The events that lead up to this appeal are as follows. During the March 3, 2009 election, at approximately 11:00 a.m. local time at the Northern Namoneas polling place in Honolulu, Hawaii, an incident occurred when a person was informed that he was not eligible to vote by election commission officials. The person made threatening remarks and picked up the ballot box and dropped it, causing a crack on the side of the ballot box about an inch wide. An election commission official pressed the crack closed. The same official determined to stop the voting at the polling place, which is authorized if in the best judgment of a precinct board the incident created an imminently extreme and unpreventable danger to human beings, and the executive director of the election commission confirms

[16 FSM Intrm 389]

the closing of the poll. Election Regs. R. 11.3. The cast ballots in the ballot box were not counted. The election commission did not meet the next day to decide whether to have a special election at the affected polling place as they were required to do. Id. The unopened, damaged ballot box was returned to Chuuk in the custody of the election commission.

    On March 9, 2009, the results of the House election were certified, with petitioner Aniol coming in seventh in votes, 65 votes behind the fifth place candidate. Only the top five candidates are winners. On March 13, 2009, Ms. Aniol filed her verified complaint with the election commission requesting the tabulation of the cast votes from the Northern Namoneas precinct polling place in Honolulu. She alleged that there had been 288 cast votes when the polling place was closed. The election commission denied her March 13, 2009 election complaint on the day of its filing, stating that the votes cast had been rendered unreliable. On March 18, 2009, Petitioner Ms. Aniol filed her notice of appeal of the decision and findings of fact of the Chuuk State Election Commission.

II. Findings

    The sole issue in this case was whether the votes cast in the Northern Namoneas polling place should be counted. The Election Code and Regulations provide for various remedies in case ballots are lost, destroyed, or defective. There may be cases where an entire set of ballots are deemed unreliable or defective, but the Election laws specify in numerous provisions that the determination of whether a ballot can be counted or not is to be performed by examining the integrity of each individual ballot cast to determine if it is lost, destroyed, or defective, or whether it is capable of tabulation. See Election Regs. pts. 9.4 (a)-(m); Chk. S.L. No. 3-95-26, ßß 50, 103-16, 108.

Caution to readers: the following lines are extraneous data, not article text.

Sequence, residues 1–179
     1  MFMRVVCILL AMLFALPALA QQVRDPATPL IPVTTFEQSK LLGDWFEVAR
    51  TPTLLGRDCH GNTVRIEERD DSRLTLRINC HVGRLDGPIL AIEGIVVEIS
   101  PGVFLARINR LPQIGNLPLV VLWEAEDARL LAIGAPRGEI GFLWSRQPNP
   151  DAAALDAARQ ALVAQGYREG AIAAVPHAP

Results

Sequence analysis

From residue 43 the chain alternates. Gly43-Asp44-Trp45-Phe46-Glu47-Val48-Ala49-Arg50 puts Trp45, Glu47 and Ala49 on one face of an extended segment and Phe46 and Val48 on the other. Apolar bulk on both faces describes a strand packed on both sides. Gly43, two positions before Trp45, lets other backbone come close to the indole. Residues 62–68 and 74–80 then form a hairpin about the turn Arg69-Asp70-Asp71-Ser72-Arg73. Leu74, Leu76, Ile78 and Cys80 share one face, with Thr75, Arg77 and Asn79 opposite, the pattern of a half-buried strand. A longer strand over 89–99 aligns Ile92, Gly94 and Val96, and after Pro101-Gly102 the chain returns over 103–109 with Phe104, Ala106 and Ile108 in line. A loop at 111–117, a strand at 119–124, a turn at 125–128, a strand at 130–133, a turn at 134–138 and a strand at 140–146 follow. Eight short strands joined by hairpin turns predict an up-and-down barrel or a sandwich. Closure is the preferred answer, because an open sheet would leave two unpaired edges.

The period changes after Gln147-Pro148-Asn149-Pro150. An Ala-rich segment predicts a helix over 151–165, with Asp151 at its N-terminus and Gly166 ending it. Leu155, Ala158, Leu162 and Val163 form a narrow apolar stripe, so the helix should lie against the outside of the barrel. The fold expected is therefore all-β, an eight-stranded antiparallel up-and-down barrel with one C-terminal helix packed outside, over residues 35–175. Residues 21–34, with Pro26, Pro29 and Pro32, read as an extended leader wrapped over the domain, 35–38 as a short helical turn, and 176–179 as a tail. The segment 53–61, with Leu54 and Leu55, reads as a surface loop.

In this case, the election commission concluded that all of the ballots cast were incapable of tabulation as a result of the damage to the ballot box. At trial, the court found that although there was damage to the ballot box, there was no evidence that any of the individual ballots had been rendered unreliable or were otherwise incapable of tabulation.

III. Conclusion

    The court therefore ordered the ballot box to be delivered to the election commission for a tabulation of cast votes according to the applicable Election Code provisions and Election Regulations, which tabulation was to occur as soon as possible but, in any event, was to be completed no later than April 2, 2009 at 3:00 p.m. The court retained jurisdiction solely to grant any further relief arising from its order for tabulation, including the naming of winning candidates.

    The court notes that although a partial or complete revote may have been a desirable remedy in this case, such relief was not requested by any of the parties in a timely manner although they had every opportunity to do so. The court therefore fashioned its relief to accommodate what was actually sought by the parties, while bearing in mind the timing constraints for implementing relief.

    Finally, the court denies the motion to stay its order for a tabulation of votes that was filed on April 1, 2009. The basis for that motion was that the court exceeded its authority by making its own findings of fact with respect to the integrity of the ballot box and the ballots cast. Sections 131 and 132 of the Election Code specifically provide that the appellate division is to hold a trial de novo on an appeal from the election commission, which necessarily means that the appellate division will make its own determinations of fact. The court was not therefore limited to review of the election commissionís findings for an abuse of discretion, but was authorized by law to make findings of fact.